WHY HIGH-QUALITY FOOD

On 27/11The Inspector, Sven Pagaria on Radio 2, interviewed Professor Hale of the University of Ghent, in connection with the effects that high-quality food can have on the health of cats.

You can read the full interview below.

Can animal food can have spectacular effects (on energy levels, skin and coat)?
The food you give to your cat is of course very important for the health of your cat. You will of course have the greatest effect if you switch from low quality food to a higher quality food. The higher the quality of your food, the more palatable that food is, and the less waste must be excreted and thus the smaller the amount of stools excreted.

Can other cat food also make your cat more energetic or give it a healthier skin and coat?
More energetic, that might be rather subjective and a bit more difficult. Skin and coat is certainly possible. To have good skin and coat you need many different nutrients, just think of the proteins that contain certain amino acids, certain essential fatty acids, vitamins, minerals, trace elements. So if you give a complete and balanced nutrition you will also notice that in the coat. This requires time of course, the time it takes for a hair to grow, from when it shaved until it is fully grown. That, of course, takes time so those effects on skin and coat, you will see them especially in the longer term. Effects on stools, that is something you can see very quickly. We're talking about days that you definitely can see a clear difference.

There are also differences in price. Is cheap as good as expensive? 
I think we can assume that in Flanders, traditional commercial food is nutritional and balanced.  But of course there will be also be differences between cheaper and more expensive food. With the more expensive food the quality of the ingredients used will obviously be a bit higher, which then of course can be reflected in the palatability of the nutrients, which you then can see in the stools, as I said earlier. With more expensive food we also see, for example, that "functional foods" are used, these are supplements that are added and of course all that costs money. Those are not cheap. For example, a supplement to support the joints in older cats, certain fibres which can be supplemented in food and so on ...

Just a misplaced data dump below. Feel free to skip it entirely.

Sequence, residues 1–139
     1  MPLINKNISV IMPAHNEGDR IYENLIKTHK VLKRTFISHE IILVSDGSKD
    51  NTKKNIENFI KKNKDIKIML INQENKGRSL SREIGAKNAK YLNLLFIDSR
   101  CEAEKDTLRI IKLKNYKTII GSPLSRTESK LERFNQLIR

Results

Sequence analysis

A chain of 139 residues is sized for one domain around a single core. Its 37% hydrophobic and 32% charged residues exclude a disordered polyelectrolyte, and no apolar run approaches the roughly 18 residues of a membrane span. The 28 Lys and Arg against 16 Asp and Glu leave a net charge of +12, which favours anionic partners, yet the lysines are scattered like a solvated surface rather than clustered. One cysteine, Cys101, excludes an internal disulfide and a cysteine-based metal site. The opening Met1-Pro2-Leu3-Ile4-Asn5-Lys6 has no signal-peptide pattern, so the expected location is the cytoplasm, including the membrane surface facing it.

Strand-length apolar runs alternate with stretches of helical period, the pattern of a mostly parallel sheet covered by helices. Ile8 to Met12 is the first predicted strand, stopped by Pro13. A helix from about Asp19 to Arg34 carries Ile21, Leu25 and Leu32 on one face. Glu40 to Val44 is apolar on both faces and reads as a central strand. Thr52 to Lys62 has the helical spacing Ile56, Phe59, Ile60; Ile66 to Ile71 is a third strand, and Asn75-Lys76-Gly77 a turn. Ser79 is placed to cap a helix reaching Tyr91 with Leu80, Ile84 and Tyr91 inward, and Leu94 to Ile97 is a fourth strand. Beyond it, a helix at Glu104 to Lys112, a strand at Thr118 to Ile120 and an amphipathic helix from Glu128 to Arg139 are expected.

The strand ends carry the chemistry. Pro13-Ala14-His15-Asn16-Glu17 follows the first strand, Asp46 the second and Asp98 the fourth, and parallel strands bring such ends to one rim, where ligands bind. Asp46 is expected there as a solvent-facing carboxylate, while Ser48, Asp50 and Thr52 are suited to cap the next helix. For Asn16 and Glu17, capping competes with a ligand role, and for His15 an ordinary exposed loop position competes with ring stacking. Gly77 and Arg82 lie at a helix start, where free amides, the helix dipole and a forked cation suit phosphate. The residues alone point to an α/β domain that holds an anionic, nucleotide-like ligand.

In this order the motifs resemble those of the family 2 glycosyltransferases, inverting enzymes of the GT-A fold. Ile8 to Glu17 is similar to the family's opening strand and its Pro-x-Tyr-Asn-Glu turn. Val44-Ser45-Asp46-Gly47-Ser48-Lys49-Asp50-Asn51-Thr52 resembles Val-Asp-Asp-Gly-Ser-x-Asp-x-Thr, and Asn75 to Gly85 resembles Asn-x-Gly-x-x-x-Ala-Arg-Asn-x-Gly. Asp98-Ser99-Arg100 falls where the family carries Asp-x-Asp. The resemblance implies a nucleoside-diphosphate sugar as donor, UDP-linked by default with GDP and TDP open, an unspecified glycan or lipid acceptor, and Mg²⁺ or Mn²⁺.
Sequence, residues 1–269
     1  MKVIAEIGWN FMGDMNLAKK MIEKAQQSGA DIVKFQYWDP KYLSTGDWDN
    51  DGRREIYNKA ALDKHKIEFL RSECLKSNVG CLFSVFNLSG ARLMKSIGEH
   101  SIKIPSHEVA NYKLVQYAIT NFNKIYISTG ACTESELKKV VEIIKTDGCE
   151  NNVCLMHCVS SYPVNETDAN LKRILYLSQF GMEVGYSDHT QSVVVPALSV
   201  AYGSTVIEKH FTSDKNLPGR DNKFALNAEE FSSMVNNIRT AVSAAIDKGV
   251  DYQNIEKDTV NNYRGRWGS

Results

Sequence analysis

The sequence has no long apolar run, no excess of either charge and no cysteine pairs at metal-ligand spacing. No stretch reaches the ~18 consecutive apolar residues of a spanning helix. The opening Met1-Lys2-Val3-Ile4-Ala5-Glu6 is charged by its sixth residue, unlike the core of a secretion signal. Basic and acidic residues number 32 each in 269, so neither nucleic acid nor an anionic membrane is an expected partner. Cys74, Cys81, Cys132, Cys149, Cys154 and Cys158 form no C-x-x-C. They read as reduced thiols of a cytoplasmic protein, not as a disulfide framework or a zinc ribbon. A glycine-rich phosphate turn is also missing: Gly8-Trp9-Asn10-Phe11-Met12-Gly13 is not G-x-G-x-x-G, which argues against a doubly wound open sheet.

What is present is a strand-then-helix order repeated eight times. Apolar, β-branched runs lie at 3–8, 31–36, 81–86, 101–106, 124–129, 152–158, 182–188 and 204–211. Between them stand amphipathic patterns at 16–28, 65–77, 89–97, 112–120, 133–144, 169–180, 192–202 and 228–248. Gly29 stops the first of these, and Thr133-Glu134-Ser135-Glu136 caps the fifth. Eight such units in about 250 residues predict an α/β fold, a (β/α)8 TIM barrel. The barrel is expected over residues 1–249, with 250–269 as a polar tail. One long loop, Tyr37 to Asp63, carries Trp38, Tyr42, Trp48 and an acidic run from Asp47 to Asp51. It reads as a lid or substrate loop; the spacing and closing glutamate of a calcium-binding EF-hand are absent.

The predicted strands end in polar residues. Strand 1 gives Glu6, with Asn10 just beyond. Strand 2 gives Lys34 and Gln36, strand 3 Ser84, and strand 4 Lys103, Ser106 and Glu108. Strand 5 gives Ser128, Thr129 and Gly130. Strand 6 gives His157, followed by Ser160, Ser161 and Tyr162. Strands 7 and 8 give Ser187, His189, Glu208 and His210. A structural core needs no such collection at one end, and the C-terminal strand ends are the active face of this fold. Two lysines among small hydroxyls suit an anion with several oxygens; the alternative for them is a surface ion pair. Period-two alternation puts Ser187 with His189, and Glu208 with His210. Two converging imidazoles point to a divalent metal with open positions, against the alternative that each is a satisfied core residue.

A lot of people give table scraps to their cats. A good idea?
That's actually not such a good idea because our cats are strict carnivores. Many cats, however, are considered part of the family and people are going to think that they have the same dietary habits. But cats need other nutrients than people. […] It's all about what you give and how much you give. So basically if you give a balanced diet, it must contain all the nutrients the cat needs. If you give too many treats you can upset the balanced nutrition and that can therefore lead to imbalances in nutrients but also e.g. to excess weight if give all that on top.

Is giving your cat milk wise?  Milk and cats are not such good friends. 
That is true. Sugar is present in milk and an adult cat, unlike a kitten, cannot digest milk sugars that well so if you give too much milk, your cat can get diarrhoea.   

Why do neutered cats put on weight after castration, altough they continue to get the same amount? 
A neutered tomcat or female cat will need less energy. In literature we see that the energy needs can drop by an average of 30%, a fairly big effect on those energy needs. You therefore have to give neutered cats less energy but of course ensure that all the nutrients that the cat needs, that it absorbs it in that smaller quantity. So actually it's even better to give appropriate food for neutered cats because that is actually better than just give less.   

And better forget about treats or do they actually contain something nutritious for the cat?
As I just said giving something extra is in principle not necessary if you give your cat a balanced diet but we know of course that many people like to give something extra and we have therefore a rule of no more than 10% of the energy requirements as a little extra, table scraps, treats etc.  And you can also reward cats in a different way by playing with them or stroking them.

 

My owner only gives me Jolipet
and I love it.